Wudang Taoist Sword （Wudang Taiyi Xuan Men Jian）instructional DVD available at：
Wudang sword forms are famous. There are many Wudang sword forms. Wudang taoist sword or Wudang TaiYi Xuan Men Jian is one of the best example of Wudang sword forms. Wudang Taoist sword performed by Master Zhong Xue Chao (Bing). His swordplay expressed the spirit of this Wudang taiyi form while he integrated his sword, body, mind, qi, and spirit into one.
Wudang Sword Forms Characteristics
The sword forms from the Wudang school are considered to be the best in the Chinese martial arts circle. This style of sword techniques has the following four major characteristics:
Change based on opponent’s movement without any fixed rule
This is the strategic guideline and philosophy of Wudang sword play. A Wudang swordsman’s training starts with forms and ends with free sparring. The techniques are based on the “change” principle of Tai Chi and Ba Gua. They are based on the belief that constant change is the rule of nature and should also be the guideline of swordplay. Therefore, this style emphasizes that “there is no fixed ways to move and the movement depends on the opponent’s reaction”; “the key of sword play is to observe the change; right before the opponent makes a slight movement to initiate an attack, I disrupt his (or her) movement by attacking ahead of him (or her); when I move I change, when I change I hit the target.”
Attack during the weak moment of the opponent, avoid brute force, and get the opponent in one single attack
This is the strategic principle of Wudang swordplay. It suggests “following the flow of opponent’s force and borrowing the opponent’s power”; “remain tranquil to wait for opponent’s movement”; “launch the attack later but hit the opponent before his attack reaches you.” When fighting with an opponent, avoid direct confrontation with his strong force and attack him when his force is weak or near an end. Go around the opponent but attack him along a straight line. Circle around the opponent to enclose his attacks. It also points out that the uniqueness of using a straight sword as weapon is that it is not used to intercept and contact physically with the opponent’s weapon. Instead, a swordsman just finds the gap in the opponent’s defense and attacks him in lightening speed.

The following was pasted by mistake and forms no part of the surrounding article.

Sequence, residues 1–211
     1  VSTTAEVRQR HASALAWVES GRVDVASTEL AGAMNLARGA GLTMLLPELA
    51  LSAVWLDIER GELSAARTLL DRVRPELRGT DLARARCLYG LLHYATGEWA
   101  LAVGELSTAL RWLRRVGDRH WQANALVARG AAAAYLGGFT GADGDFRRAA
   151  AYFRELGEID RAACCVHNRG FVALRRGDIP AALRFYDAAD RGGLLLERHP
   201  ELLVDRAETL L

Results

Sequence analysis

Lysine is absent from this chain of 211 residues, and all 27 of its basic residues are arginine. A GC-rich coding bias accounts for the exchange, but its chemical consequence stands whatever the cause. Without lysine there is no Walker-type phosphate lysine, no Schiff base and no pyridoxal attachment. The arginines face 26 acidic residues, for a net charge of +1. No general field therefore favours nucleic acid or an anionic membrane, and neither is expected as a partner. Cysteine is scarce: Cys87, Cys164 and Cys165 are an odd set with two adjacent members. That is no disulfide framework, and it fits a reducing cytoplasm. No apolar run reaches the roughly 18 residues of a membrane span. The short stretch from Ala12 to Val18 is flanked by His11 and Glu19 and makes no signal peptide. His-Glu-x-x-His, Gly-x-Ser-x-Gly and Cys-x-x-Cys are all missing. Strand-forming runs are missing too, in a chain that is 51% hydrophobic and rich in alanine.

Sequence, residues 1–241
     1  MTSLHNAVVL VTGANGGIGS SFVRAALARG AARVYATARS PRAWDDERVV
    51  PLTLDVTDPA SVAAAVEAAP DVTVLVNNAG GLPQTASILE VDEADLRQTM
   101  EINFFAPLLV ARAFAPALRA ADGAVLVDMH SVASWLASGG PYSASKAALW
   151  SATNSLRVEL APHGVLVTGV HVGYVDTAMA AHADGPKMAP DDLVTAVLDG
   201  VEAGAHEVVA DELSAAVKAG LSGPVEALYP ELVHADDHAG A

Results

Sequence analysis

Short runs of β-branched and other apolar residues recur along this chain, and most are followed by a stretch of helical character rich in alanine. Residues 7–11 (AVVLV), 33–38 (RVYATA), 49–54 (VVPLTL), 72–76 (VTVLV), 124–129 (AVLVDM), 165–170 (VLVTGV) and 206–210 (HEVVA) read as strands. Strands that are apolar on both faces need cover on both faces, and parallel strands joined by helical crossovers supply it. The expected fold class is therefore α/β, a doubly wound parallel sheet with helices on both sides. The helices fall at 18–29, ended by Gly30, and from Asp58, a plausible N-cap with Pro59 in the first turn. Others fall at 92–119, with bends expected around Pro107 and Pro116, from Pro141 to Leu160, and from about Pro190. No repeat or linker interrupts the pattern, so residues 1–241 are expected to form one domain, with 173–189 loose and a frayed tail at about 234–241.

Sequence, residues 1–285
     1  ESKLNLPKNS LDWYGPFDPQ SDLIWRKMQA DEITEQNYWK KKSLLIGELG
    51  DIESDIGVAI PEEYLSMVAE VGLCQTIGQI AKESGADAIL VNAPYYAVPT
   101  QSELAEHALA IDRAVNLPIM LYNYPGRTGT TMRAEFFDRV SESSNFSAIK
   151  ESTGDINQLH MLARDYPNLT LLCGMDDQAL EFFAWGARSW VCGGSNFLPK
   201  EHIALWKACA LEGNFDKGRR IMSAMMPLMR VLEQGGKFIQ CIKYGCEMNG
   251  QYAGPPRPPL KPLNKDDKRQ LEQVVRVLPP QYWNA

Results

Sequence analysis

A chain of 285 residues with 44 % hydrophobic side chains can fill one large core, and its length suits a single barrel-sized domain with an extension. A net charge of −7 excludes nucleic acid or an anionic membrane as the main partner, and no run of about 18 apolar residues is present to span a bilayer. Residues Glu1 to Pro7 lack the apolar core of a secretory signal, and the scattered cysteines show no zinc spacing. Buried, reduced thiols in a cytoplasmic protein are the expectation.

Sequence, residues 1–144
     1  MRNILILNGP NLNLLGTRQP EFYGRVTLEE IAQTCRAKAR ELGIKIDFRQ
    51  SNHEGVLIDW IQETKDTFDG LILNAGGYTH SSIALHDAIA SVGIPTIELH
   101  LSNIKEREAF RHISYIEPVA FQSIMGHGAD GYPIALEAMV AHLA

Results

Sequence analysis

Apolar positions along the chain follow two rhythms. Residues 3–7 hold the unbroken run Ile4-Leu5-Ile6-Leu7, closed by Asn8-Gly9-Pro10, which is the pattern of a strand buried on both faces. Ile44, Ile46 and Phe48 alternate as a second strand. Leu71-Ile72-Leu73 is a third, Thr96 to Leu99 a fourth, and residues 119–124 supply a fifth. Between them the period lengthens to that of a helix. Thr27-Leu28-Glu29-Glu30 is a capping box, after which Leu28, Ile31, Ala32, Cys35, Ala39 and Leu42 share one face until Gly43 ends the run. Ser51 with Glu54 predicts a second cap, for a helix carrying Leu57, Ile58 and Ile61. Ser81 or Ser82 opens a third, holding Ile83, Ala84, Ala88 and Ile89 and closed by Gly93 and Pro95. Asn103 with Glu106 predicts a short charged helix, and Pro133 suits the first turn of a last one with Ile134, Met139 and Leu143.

Body in harmony with the sword and the sword in harmony with the spirit
This is the key to Wudang swordplay. It emphasizes the use of body movement to control the sword. The movements of upper body, lower body, and the sword are integrated as unity. The body moves like a dragon and the sword moves like electricity. The footwork is light and agile and the body movement is soft and flexible. Therefore, it is characterized by the so called “Tai Chi waist and Ba Gua footwork.” It also emphasizes that the sword and the spirit should merge as one. The sword goes where the mind and spirit go. The force propagates through the tip of the sword blade and so does the qi.
Neutralize attack by body movement and walk swiftly lightly and stably
These are the major features of Wudang sword movements. The style is well known for its varieties of changes. It not only has the changes in the front, rear, left, right directions but also consists of many jumping and lying on the ground movements. Whatever movement it is, it requires swiftness, lightness, and stability. It is said that a swordsman should move like the swift wind and remain stable like a mountain. He (or she) disarms the opponent by one single attack. “He (or she ) scares the flying birds when jumping and twisting in the air”; “He (or she) does not touch any dust when rolling on the ground”; “During the attack, only a light breeze is felt and the sword is invisible”; “During the change of movements, only the light reflected by the sword is visible but not the sword itself.”